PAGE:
Journal Article

Type I membranoproliferative glomerulonephritis and HCV infection

G. Rostoker, J. M. Pawlotsky, A. Bastie, B. Weil and D. Dhumeaux

in Nephrology Dialysis Transplantation

Volume 11, issue supp4, pages 22-24
Published in print January 1996 | ISSN: 0931-0509
Published online January 1996 | e-ISSN: 1460-2385 | DOI:
Type I membranoproliferative glomerulonephritis and HCV infection

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Type I membrano-proliferative glomerulonephritis (MPGN) is secondary to chronic bacterial, parasitic, viral (HB) infections, to autoimmune disorders or primary or malignant haemopathies. MPGN are thought to be linked to the deposition of immune complexes preformed in the circulation or formed in situ in the glomeruli. A link between HCV and type I MPGN was reported for the first time in 1993. In some patients, the renal clinical pattern is the most obvious (nephrotic syndrome) whereas in others liver disease or cryoglobulinaemia prevail. A risk factor of HCV infection exists in 80% of cases. Renal biopsy and scanning electron microscopy usually substantiate cryoglobulinaemia. Circulating cryoglobulins are most often detected, usually of type II. CH50 is decreased in 90% of patients and rheumatoid factors have been found in two-thirds of patients. The cryoprecipitate contains viral RNA and anti-HCV antibodies. The viral RNA is nearly always found in the cryoprecipitate. Analysing the viral genotype does not elicit predominance of any particular type. Viral genome detection in renal biopsy specimens appears to be technically difficult. Type I MPGN secondary to HCV infection appear to be improved by interferon-α therapy but treatment suspension is immediately followed by the recurrence of viraemia and nephrotic syndrome. Serological tests to detect anti-HCV antibodies and viral RNA by PCR in type I MPGN, so far considered as ‘primary’, are scarce and produce conflicting results: there might be a link between those glomerulopathies and HCV infection in the USA and in Japan only, not in Europe.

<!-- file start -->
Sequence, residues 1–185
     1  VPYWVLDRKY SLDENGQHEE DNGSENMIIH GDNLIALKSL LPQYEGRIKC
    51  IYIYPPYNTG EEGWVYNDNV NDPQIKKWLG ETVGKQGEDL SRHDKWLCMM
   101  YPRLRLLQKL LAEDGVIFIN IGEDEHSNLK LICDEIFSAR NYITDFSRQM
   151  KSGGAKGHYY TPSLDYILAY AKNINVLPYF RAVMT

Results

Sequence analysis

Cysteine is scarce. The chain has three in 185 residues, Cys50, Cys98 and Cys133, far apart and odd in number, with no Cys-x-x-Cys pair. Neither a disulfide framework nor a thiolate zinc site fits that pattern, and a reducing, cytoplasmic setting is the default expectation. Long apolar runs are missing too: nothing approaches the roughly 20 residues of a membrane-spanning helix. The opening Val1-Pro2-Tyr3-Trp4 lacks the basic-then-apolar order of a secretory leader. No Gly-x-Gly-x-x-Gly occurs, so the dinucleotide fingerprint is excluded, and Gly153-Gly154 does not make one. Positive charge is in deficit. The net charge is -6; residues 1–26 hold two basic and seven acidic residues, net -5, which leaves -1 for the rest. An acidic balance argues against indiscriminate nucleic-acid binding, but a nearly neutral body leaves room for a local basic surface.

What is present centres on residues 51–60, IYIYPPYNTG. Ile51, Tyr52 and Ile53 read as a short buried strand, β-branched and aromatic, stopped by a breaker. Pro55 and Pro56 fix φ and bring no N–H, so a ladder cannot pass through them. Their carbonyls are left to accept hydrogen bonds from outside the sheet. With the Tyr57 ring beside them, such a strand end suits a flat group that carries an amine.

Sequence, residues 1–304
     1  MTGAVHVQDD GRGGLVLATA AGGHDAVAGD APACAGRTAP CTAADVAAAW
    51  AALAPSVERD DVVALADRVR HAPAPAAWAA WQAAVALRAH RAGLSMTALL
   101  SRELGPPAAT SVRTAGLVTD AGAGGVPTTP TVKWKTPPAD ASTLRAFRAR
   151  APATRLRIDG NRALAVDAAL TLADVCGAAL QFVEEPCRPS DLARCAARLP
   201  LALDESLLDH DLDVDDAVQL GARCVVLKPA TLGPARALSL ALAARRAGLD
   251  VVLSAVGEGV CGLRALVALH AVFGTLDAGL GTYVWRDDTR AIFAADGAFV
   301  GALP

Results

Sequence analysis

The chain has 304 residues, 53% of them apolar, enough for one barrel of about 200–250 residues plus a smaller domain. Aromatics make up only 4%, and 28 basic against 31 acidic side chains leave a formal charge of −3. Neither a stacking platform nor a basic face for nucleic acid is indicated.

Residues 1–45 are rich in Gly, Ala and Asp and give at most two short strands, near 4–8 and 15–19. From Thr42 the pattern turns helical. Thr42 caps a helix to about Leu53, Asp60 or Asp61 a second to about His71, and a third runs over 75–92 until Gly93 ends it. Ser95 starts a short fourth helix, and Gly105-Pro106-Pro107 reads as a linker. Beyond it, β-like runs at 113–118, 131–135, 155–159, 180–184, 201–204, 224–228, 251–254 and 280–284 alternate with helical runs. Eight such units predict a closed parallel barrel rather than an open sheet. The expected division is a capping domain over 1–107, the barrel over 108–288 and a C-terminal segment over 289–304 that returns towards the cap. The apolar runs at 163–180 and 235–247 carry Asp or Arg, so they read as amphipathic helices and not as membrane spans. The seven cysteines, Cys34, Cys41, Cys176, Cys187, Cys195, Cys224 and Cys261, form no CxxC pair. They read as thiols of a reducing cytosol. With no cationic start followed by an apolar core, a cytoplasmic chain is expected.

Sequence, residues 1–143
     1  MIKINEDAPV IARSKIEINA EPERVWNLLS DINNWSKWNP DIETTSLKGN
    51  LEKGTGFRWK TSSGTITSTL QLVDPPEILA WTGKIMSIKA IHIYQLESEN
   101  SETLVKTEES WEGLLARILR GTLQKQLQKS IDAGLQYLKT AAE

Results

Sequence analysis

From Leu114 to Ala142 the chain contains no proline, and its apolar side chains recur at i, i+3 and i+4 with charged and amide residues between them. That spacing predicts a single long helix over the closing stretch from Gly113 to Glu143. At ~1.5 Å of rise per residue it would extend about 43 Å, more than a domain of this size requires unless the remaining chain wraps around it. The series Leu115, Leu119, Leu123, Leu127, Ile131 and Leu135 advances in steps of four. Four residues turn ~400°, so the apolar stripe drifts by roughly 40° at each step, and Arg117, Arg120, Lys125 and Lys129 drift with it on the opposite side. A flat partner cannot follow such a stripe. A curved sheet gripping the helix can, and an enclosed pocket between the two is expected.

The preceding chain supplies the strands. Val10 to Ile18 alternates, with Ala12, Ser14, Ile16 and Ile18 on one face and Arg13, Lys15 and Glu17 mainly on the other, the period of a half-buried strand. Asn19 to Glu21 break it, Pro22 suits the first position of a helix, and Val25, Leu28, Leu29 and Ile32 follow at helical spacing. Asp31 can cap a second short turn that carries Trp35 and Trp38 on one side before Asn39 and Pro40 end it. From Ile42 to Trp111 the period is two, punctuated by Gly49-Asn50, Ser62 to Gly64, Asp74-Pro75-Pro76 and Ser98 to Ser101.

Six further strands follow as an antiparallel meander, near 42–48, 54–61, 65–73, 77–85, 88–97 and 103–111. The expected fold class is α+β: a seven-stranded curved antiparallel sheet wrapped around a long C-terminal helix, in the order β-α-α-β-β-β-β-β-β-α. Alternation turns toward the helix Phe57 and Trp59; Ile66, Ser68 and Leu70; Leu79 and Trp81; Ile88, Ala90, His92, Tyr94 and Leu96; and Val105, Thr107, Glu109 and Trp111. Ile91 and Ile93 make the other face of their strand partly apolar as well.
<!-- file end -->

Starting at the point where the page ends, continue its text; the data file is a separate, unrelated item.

Journal Article.  0 words. 

Subjects: Nephrology

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